By Bob Leland, Senior Advisor, Management Partners

The key to a credible budget forecast is having transparent and realistic assumptions. This will communicate a true picture of your agency’s financial condition, and whether that is positive or negative, it will provide an empirical basis for future budgetary actions.

City of Davis’ 20-Year Forecast Model

Nitish Sharma, former Davis finance director and current CSMFO Sacramento Valley Chapter Chair, generously allowed Davis’s city’s forecast model to illustrate the points in this article.

The City of Davis is a full-service, 68,000 population, university town, with a $70 million General Fund budget. Prior to 2016, the City prepared a 5-year forecast for its annual budget. But it was looking for a more robust forecasting model that allowed staff to easily model various outcomes over 20 years, including funding of infrastructure maintenance. The forecast model we prepared has guided the last three City budgets and given the City a valuable planning tool. A comprehensive forecast discussion and a condensed version of the forecast model itself are available on the City’s website. Major forecast assumptions are as follows:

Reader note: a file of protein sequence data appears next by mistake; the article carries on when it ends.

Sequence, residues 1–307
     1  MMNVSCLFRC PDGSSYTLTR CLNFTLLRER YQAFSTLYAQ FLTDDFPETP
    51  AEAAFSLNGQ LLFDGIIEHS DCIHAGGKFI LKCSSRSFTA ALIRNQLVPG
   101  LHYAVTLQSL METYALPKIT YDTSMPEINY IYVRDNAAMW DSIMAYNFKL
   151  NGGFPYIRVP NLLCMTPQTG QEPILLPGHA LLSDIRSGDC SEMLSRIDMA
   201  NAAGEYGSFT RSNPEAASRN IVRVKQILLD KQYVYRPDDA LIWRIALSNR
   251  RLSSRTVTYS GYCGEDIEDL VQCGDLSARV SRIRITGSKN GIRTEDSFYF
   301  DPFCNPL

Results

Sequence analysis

• Recessions – On average, a recession has occurred every 7 years since the 1920’s, ranging from moderate revenue reductions of 5-10% from normal growth, up to the substantial multi-year losses of the Great Recession. A typical local agency forecast ignores economic cycles and may rely on conservative linear trends to try to compensate. The value of a forecast model is that you can easily show the impacts for recessions of different timing and magnitude. Davis assumes moderate recessions every 7 years starting in FY20-21, with recovery of 90% of losses over the ensuing 3 years. This provides a realistic “stress test” for City finances.
  • Property Tax – The growth of this key tax is determined by specific elements. Davis assumes the 2% Prop 13 inflator for 96% of existing parcels; an average 40% increase for the other 4% of parcels due to changes in ownership; new construction projected by City planners; and no additional Prop 8 recoveries. This results in pre-recession growth of 4.1%.
  • Sales Tax – Growth is determined by the projections from the City’s tax auditing firm for both its st